Laowa 105mm f/2 (T3.2) STF – Introduction
We’re always on the lookout for new and intriguing lenses to review, and one that caught our attention when it was announced earlier this year was the Laowa 105mm f/2 (T3.2) STF. Designed as a medium telephoto lens specifically for DSLR cameras with a full-frame sensor, it’s primarily intended for portraiture and is rather niche in that it’s one of only a few lenses to feature an apodization element, which promises to deliver superior bokeh rendering and pin-sharp images.
For those wondering what STF stands for in the lens name, it refers to Smooth Trans Focus – a lens design that’s associated with producing a high level of sharpness at the plane of focus, and at the same time gradually melting away to form a soft, natural and beautifully diffused out-of-focus rendition. There are very few lenses that feature an apodization element – the only others that spring to mind are the Sony 135mm f/2.8 (T4.5) STF and the Fujifilm Fujinon XF 56mm f/1.2 R APD. Unlike the Fuji lens, the Laowa is manual focus only: just like the 135mm f/2.8 (T4.5) STF Sony produces for the A-mount.
Laowa 105mm f/2 (T3.2) STF – Features
There’s a lot to learn about the optical construction of this lens. Starting with the apodization element, this is inserted next to the diaphragm, and designed to transmit all of the light that’s directed through the centre of the aperture, but reduce its intensity gradually towards the periphery. In layman’s terms, the apodization element resembles a circular graduated ND filter that becomes darker towards the outer edge – and it’s this graduation that’s said to help produce smooth tonal transitions and creamy defocused backgrounds. The lens is also interesting in the way it has two separate diaphragms, both of which are controlled manually via separate rings on the barrel.
The 14-bladed circular aperture, which is located closest to the front of the lens, provides users with the ability to produce the smoothest bokeh possible. With its de-clicked aperture ring, it can actually provide videographers with a silent way of controlling the light passing through the lens, and the transmission value (the amount of light that reaches the sensor) is marked in T stops from T3.2 to T8. The eight-bladed aperture that’s located behind the 14-blade circular aperture is intended for photographers to control the aperture opening (f-number) and the depth of field in the usual way. However, this ring does click between stops. Note that when either one or the other diaphragm is used, the unused one should always be left wide open. For example, if the 14-blade circular aperture is set to f/5.6 or f/8, the eight-blade aperture should be set to f/2. Likewise, if the eight-bladed aperture is set to f/11, the 14-blade circular aperture should be set to T3.2.
Aperture control aside, the lens arranges 11 elements in eight groups and includes one HR (High Refractive Index) element, three LD (Low Dispersion) elements as well as two floating elements, not forgetting the apodization element. With a complex internal construction, it’s a heavy lens for its size and weighs 745g on the scales. Other features to note include its 90cm minimum focusing distance and its 67mm thread for attaching screw-in filters and adapters. It’s currently available for Canon EF, Nikon F, Pentax K and Sony A-mount DSLRs, as well as Sony E-mount CSCs, including the Alpha 7 series, and is priced at £649.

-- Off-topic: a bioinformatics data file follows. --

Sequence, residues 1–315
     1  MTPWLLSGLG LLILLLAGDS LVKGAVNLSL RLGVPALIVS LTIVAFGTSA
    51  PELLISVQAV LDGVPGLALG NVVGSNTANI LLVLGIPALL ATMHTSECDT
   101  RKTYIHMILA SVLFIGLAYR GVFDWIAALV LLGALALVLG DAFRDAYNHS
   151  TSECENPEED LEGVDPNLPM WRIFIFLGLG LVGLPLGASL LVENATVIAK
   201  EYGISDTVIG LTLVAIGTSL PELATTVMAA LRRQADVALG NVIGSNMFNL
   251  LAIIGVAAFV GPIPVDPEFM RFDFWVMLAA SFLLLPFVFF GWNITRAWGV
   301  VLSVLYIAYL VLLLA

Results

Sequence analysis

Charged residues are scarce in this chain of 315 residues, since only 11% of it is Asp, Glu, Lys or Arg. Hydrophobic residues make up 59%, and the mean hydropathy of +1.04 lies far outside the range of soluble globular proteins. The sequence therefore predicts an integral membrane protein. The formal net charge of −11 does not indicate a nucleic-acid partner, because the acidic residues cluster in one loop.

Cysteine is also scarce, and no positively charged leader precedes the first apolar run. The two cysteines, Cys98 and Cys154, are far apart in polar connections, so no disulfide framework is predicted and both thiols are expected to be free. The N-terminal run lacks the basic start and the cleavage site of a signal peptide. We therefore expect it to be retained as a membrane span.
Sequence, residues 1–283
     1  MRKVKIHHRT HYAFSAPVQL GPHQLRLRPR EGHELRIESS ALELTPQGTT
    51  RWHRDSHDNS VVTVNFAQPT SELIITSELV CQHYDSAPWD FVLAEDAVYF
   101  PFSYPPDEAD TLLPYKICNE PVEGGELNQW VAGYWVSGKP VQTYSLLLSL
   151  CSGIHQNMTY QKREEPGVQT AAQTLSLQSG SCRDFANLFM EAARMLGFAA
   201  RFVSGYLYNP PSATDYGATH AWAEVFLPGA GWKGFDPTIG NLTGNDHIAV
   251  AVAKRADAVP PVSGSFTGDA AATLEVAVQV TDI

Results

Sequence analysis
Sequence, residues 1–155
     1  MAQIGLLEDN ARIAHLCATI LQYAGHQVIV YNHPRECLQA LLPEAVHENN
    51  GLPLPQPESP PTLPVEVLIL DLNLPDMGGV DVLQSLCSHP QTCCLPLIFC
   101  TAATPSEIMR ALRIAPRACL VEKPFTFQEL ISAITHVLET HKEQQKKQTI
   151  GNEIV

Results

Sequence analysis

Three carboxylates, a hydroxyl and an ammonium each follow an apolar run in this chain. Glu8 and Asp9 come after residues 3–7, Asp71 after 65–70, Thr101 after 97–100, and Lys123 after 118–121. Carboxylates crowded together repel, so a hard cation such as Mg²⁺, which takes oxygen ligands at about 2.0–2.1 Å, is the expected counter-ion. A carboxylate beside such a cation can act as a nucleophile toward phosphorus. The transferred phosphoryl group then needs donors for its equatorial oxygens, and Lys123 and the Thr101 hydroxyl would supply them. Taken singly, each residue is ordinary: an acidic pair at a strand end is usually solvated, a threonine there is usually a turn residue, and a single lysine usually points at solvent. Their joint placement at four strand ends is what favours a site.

Laowa 105mm f/2 (T3.2) STF – Build and handling
The lens is presented in a smart box, and you instantly appreciate how solid and well made it is when you pick it up for the first time. The lens barrel is manufactured from metal to give it a robust and durable feel in the hand, and it’s good to see all the aperture and focal-length markings engraved into the metal as opposed to being printed on top. As to be expected from a manual-focus lens, there is no electronic communication with the camera, and as such the anodized metal mount at the rear doesn’t have any metal contacts to translate aperture information to the camera’s EXIF data. If you’d like to keep a record of what settings you use for each shot, you’ll need to put pen to paper.
The accuracy of focusing relies a lot on how good your eyes are at judging what’s in and out of focus. If you’re not in a hurry and have time to carefully compose your shot, you’ll want to engage your camera’s live view mode and magnify the point of focus on-screen before fine-tuning the focus using the large manual-focus ring. This is very finely grooved, just like the ring that’s located behind it to control the 14-blade aperture. The manual-focus ring offers a pleasing and consistently fluid motion across its range, operating between its 0.9m minimum focus distance and infinity with a 270° turn. This long rotation is very effective for precise focusing adjustments, and as a lens to operate from behind the camera it reminded me of using a Samyang lens.
As mentioned, the 14-blade aperture ring is de-clicked and operates across its T3.2-T8 range effortlessly. It notches into place at its widest setting and it has a different feel to the eight-bladed aperture ring behind. In use, I found this helped identify which aperture ring was which and prevented me having to pull my eye away from the viewfinder to check.